I consider myself an expert in many things. I do. Certainly I can navigate my way around a play and its content. Surely, I can muster an interpretation, right? But, it would seem that Renegade Theatre’s 9 Circles has presented me with a challenge. A good one, but a challenge none the less. I am no expert in what it takes to be a soldier. No expert by any means in war. No expert in living in a country at war. I do not know what it was like for my grandfather to land on the beaches of Normandy or what it was like for him to have survived when so many did not. I do not know what it was like for my brother-in-law to serve for over a year in Iraq under a commander that ended up with 26 congressional inquiries against him for putting his men where they were never supposed to be. I do not know and I am no expert. And, this lack of expertise is a bit unnerving. But, then again, this is a show about unnerving things, and, seriously, I’m at Renegade, what do you expect?
Our main character, a soldier in Iraq, is really quite compelling on the page and he’s portrayed in a stunningly captivating way on the stage. As a character he is smart, yet troubled. His options are limited and the tragedy is he knows it. He knows it is quite possible that he’s not all together, but he questions who can be when they are thrust into the volatile, psychologically invasive hell of war. Our actors’ portrayal is 100% convincing, entirely human, splendidly real, and frighteningly persuasive. With him I felt I was hearing truths and getting glimpses into realities, both ugly and disheartening.
The supporting cast members play multiple roles (not my favorite device, but it is what it is) and each of the actors definitely seem to have one character that they really connect with and were born to play. The other parts in their repertoire were less natural perhaps, but by no means were they played poorly.
Like their human counterparts, the set and other technical elements work great in some of the scenes and not as convincingly in others. How the set is used isn’t consistent and that inconsistency breaks up a solid foundation of realism which helps us to follow along with the quick pace and the change of time, location and characters. What works to suggest or set a scene in one “circle” didn’t work for me in others and that bothered me. Certainly there must have been some intentional conceptual “purgatory” that was trying to be created, but I felt like it wasn’t the right way or the right amount. I would have had plenty of appropriate “unsettled” feelings with the topics and performance alone without needing it to be mirrored in inconsistent or ambiguous choices with regard to set and the actors’ interactions with the set.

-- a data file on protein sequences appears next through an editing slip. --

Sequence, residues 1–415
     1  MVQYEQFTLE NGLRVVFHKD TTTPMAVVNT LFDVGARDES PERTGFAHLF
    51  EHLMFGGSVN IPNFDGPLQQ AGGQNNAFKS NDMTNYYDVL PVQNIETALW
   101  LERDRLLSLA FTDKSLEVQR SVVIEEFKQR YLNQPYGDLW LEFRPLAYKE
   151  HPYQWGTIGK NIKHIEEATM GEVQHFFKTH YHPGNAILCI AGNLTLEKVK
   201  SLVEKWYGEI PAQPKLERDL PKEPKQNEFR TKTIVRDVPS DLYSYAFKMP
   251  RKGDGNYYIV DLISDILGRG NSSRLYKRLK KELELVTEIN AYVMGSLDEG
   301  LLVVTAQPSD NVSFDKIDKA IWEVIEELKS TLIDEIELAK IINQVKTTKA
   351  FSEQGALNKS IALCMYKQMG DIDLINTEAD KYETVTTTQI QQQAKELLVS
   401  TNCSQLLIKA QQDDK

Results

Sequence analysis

There were moments where my own inexperience with things got the better of me too. At one point a military lawyer in his dress uniform puts his hat on the ground. This struck me as highly disrespectful and unlikely, not to mention obviously distracting. Our soldier take boots on and off without socks which also struck me as odd. Maybe a logistical move to reduce a scene change time, but it pulled me out of an otherwise perfectly good moment each time. In all honestly this may just be my prejudice/ignorance; it may not have any validity from a factual standpoint with regard to military conduct, but worth a mention I think in case anyone else is struck by it.
It was the final scene that probably perturbed me the most and, not from the plot perspective, but in the way it was presented. I’m sworn to a no spoiler review, but I have to say, aside from exquisite lighting and the continuance of high-caliber acting, I’d rather the end scene had been presented in a much more realistic style rather than a theatrical style. This is largely a playwright’s criticism, not much Renegade could have done about it, but still, a stronger ending could have really made this piece soar even higher.
This is an hour and 45 minutes with no intermission and my initial thought was this might be too much. For all my hesitancy (and lack of expertise) 9 Circles does not disappoint. No matter your feeling on the military or war, no matter your political leanings or your life experience, this play tells a personal story and asks good questions. Questions with no answers I’m afraid, but then again I don’t feel it seeks answers to these questions, just to explore circumstances and consequences. These questions may not have answers, but the show gets 4 out of 5 intense jewels in the tiara for another great exploration and dare I say… execution. 9 Circles plays at the Historic Hoover Theatre in San Jose through November 26th.